New research: Great white sharks are surprisingly similar to humans

A new genetic study on great white shark's hearts has found that these animals are strikingly similar to humans. More than zebrafish, in fact, which is now widely used to "study cancers, neurological diseases and blood disorders" because of their similitude to humans.

Cornell University's professor Michael Stanhope—the lead author of the paper published in the journal BMC Genomics—found the similarities while trying to find an explanation to the unique behavior of the mighty predator:

We were very surprised to find, that for many categories of proteins, sharks share more similarities with humans than zebrafish. [...]

Sharks have many fascinating characteristics. Some give live birth to fully formed young, while some lay eggs. In some species, the embryos eat the remaining eggs or even other embryos while still developing in the uterus. Some can dive very deep, others cannot. Some stay local; others migrate across the entire ocean basins. White sharks dive deep, migrate very long distances and give live birth.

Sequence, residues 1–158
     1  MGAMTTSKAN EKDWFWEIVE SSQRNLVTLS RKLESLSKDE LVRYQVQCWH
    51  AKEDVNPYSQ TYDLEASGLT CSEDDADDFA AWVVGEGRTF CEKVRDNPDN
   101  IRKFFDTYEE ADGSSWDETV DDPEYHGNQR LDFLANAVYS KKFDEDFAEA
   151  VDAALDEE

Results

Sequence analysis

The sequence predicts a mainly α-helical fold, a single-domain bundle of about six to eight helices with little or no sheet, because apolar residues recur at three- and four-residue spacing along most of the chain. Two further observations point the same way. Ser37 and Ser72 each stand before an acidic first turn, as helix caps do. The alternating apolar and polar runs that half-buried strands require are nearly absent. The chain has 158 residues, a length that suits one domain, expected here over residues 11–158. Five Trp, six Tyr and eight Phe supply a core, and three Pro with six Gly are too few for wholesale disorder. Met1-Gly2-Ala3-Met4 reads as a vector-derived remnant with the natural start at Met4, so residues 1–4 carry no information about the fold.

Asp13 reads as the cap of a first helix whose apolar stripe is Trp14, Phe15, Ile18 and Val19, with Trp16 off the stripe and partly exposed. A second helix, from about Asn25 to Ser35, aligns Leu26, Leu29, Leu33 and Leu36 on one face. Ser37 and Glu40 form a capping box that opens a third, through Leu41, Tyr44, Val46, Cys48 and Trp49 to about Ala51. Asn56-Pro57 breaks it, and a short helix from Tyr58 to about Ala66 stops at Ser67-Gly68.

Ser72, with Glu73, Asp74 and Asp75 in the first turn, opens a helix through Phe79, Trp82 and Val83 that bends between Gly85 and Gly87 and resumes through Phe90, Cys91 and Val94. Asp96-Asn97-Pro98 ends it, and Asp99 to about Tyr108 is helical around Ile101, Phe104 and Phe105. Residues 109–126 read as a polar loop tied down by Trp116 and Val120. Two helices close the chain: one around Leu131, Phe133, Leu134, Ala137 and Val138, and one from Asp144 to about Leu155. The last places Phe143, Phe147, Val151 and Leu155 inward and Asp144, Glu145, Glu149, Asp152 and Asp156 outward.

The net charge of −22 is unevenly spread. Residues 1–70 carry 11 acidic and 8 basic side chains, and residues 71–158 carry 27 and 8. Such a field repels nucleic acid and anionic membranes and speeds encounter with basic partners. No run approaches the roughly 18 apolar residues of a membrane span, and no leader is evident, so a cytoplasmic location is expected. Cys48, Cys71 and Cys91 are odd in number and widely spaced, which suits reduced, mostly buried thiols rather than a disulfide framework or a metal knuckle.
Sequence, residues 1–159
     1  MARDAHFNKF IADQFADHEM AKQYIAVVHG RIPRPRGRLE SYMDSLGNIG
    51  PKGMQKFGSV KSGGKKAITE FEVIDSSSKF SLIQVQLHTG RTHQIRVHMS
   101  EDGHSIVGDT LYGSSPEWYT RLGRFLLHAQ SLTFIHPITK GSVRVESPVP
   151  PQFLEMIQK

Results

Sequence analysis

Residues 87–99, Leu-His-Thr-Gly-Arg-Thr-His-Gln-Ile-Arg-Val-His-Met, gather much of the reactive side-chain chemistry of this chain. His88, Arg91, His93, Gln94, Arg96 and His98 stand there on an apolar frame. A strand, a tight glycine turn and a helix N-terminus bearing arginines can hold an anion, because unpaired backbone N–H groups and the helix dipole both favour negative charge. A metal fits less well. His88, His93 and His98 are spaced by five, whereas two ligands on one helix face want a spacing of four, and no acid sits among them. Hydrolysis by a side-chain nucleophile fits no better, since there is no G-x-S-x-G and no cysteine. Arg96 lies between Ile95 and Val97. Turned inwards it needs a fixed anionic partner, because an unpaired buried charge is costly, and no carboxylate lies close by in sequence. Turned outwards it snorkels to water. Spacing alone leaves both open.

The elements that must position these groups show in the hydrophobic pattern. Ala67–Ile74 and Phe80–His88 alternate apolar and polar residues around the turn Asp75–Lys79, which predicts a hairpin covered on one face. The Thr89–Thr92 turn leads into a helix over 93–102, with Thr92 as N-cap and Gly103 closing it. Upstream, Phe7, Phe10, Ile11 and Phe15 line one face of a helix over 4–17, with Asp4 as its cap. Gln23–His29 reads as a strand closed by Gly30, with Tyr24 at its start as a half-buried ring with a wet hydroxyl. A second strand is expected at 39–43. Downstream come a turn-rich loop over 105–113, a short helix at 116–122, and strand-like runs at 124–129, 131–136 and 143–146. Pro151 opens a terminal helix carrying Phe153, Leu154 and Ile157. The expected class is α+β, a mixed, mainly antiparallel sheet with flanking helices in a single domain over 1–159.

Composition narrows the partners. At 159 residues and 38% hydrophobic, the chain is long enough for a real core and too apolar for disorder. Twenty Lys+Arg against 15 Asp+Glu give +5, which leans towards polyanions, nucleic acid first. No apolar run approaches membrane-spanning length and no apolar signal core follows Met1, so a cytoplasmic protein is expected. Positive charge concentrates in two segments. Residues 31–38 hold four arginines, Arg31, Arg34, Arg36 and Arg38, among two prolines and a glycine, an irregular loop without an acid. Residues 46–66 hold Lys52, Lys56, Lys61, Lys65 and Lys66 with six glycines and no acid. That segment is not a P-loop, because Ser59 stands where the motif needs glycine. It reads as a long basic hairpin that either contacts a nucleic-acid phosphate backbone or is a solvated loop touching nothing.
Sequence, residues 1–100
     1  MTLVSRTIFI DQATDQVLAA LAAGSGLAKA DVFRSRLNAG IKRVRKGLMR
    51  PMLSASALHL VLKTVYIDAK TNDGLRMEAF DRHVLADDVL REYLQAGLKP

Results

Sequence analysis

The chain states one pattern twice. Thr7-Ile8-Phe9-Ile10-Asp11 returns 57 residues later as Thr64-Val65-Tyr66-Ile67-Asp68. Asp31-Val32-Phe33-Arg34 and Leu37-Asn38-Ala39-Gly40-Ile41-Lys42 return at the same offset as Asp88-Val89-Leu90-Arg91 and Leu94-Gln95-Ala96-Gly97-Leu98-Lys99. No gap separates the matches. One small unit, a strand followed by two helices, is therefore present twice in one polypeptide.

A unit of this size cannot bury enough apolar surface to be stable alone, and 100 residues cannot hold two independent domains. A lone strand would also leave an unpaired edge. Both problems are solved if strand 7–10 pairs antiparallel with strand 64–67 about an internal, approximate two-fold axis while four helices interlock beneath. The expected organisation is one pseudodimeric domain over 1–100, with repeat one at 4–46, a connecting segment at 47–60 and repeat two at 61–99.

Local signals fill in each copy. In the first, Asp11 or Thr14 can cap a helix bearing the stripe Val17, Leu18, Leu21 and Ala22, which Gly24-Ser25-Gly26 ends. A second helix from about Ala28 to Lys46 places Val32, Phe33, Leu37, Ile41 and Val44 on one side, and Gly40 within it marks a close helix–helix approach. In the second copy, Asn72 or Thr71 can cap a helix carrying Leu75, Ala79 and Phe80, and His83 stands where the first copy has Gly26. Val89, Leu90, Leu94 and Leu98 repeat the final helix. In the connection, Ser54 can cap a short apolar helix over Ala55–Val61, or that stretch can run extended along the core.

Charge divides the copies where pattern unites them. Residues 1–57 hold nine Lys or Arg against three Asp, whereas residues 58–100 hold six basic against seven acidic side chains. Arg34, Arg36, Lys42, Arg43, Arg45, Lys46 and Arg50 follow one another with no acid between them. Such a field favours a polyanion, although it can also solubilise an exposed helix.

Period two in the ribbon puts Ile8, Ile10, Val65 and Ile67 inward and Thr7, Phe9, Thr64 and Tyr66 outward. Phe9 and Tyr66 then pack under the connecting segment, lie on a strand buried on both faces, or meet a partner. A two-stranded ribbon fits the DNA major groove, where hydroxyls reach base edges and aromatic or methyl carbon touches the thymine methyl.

Stanhope thinks that this genetic study increased the number of markers that scientists can use "to study the population biology of great white and related sharks by a thousandfold, from which they hope to further expand knowledge of these fascinating animals, many of which are in urgent need of conservation."


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